APPENDIX 4

Emergency Equipment That May Be Needed to Rescue a Sedated Patient

Intravenous equipment
    Assorted intravenous catheters (eg, 24-, 22-, 20-, 18-, and 16-gauge)
    Tourniquets
    Alcohol wipes
    Adhesive tape
    Assorted syringes (eg, 1, 3, 5, and 10 mL)
    Intravenous tubing
        Pediatric drip (60 drops per mL)
        Pediatric burette
        Adult drip (10 drops per mL)
        Extension tubing
        3-way stopcocks
    Intravenous fluid
        Lactated Ringer solution
        Normal saline solution
        D50.25 normal saline solution
    Pediatric intravenous boards
    Assorted intravenous needles (eg, 25-, 22-, 20-, and 18-gauge)
    Intraosseous bone marrow needle
    Sterile gauze pads
Airway Management Equipment
    Face masks
        Infant, child, small adult, medium adult, large adult
    Breathing bag and valve set
    Oropharyngeal airways
        Infant, child, small adult, medium adult, large adult
    Nasopharyngeal airways
        Small, medium, large
    LMAs (1, 1.5, 2, 2.5, 3, 4, and 5)
    Laryngoscope handles (with extra batteries)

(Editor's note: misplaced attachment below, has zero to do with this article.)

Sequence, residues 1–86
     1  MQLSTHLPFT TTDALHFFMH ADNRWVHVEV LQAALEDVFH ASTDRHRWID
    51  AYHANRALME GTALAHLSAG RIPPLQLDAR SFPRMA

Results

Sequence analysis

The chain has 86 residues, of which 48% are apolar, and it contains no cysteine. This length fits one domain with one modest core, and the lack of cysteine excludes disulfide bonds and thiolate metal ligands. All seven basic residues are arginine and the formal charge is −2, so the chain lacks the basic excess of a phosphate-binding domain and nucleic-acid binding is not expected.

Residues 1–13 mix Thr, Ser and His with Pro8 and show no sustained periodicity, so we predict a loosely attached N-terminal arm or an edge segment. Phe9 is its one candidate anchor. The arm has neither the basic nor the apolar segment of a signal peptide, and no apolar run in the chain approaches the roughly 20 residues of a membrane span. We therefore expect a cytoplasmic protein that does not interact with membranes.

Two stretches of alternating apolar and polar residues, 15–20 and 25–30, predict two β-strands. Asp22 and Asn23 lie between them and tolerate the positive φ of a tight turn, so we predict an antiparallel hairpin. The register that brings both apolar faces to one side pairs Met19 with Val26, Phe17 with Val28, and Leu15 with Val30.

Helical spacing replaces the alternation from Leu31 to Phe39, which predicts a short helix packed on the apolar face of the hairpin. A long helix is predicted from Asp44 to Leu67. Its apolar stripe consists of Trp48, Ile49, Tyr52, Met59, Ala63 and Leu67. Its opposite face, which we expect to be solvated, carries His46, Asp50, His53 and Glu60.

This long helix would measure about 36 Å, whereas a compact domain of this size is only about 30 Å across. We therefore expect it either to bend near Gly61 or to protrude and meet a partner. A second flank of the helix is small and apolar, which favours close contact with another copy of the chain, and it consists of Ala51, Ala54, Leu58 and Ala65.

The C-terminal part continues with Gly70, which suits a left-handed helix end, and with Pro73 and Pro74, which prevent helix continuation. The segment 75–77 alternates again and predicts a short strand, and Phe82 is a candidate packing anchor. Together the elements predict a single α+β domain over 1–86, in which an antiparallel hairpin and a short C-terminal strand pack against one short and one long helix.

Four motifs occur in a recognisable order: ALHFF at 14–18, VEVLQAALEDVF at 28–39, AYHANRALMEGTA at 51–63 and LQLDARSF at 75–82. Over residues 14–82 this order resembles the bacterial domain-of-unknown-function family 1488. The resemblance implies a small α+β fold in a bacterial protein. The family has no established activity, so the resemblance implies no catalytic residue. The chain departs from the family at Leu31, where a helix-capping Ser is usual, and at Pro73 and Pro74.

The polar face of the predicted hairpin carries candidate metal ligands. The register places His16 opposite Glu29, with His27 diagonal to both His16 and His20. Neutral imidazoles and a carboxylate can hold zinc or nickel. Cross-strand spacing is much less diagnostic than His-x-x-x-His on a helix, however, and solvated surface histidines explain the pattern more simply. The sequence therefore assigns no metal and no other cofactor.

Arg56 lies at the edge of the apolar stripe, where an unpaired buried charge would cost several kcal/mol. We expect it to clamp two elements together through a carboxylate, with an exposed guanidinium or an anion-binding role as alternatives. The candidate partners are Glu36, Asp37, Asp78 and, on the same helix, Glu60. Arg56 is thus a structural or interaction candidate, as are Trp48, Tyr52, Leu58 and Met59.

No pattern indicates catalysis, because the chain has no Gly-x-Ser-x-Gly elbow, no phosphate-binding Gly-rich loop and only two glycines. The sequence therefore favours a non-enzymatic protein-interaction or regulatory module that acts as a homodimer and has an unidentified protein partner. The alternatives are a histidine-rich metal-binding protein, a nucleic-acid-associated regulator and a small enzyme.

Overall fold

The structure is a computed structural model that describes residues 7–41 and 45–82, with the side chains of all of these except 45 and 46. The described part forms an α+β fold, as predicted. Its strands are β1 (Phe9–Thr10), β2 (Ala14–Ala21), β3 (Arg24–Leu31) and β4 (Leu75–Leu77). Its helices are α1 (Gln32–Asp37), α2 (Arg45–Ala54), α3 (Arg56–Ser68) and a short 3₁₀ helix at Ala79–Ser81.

Laryngoscope blades (with extra light bulbs)
        Straight (Miller) No. 1, 2, and 3
        Curved (Macintosh) No. 2 and 3
    Endotracheal tubes
        2.5, 3.0, 3.5, 4.0, 4.5, 5.0, 5.5, and 6.0 uncuffed and 6.0, 7.0, and 8.0 cuffed
    Stylettes (appropriate sizes for endotracheal tubes)
    Surgical lubricant
    Suction catheters (appropriate sizes for endotracheal tubes)
    Yankauer-type suction
    Nasogastric tubes
    Nebulizer with medication kits
    Gloves (sterile and nonsterile, latex-free)
  • The choice of emergency equipment may vary according to individual or procedural needs. The practitioner is referred to the SOAPME acronym described in the text in preparation for sedating a child for a procedure.